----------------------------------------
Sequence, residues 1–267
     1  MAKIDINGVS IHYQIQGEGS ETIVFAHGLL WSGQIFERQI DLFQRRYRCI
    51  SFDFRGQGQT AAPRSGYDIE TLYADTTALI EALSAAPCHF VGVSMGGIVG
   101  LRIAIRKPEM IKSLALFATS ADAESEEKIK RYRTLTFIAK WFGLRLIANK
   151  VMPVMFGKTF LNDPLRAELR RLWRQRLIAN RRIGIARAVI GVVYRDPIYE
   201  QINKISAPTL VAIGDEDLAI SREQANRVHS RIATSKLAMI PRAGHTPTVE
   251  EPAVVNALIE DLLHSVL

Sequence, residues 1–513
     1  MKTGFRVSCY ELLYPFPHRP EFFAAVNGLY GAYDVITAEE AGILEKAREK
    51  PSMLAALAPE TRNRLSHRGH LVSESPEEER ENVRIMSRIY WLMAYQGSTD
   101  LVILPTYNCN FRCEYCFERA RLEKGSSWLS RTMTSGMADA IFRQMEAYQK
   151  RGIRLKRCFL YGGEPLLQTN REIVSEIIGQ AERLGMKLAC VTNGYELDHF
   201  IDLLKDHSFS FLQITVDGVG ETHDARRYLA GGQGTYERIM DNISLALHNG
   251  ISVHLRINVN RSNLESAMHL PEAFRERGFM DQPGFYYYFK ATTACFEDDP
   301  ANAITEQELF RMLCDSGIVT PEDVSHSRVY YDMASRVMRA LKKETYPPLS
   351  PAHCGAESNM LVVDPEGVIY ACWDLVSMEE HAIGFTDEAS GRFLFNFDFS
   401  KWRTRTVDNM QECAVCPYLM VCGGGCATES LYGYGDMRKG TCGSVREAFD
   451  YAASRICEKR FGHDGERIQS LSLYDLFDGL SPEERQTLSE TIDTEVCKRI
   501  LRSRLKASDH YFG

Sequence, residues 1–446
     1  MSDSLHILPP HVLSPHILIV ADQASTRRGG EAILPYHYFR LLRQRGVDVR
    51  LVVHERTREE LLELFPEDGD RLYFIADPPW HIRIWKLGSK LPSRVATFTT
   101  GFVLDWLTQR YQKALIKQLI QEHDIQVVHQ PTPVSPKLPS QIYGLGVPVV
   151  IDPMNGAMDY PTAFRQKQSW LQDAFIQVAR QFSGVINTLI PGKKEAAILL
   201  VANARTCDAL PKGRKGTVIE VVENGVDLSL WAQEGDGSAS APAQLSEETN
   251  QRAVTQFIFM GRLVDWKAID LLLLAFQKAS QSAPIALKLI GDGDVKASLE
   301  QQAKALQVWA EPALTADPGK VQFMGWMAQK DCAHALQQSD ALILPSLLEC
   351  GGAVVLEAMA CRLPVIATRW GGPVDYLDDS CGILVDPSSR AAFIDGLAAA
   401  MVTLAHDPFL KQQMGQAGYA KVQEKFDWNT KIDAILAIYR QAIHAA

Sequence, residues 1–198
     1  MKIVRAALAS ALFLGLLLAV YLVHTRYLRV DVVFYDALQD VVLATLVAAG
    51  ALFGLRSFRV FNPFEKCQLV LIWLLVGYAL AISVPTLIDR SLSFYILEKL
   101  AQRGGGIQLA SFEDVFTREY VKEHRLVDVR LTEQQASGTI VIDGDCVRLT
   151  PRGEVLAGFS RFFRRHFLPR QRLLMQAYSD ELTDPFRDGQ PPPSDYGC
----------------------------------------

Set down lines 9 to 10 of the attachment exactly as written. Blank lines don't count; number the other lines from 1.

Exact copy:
     1  MKTGFRVSCY ELLYPFPHRP EFFAAVNGLY GAYDVITAEE AGILEKAREK
    51  PSMLAALAPE TRNRLSHRGH LVSESPEEER ENVRIMSRIY WLMAYQGSTD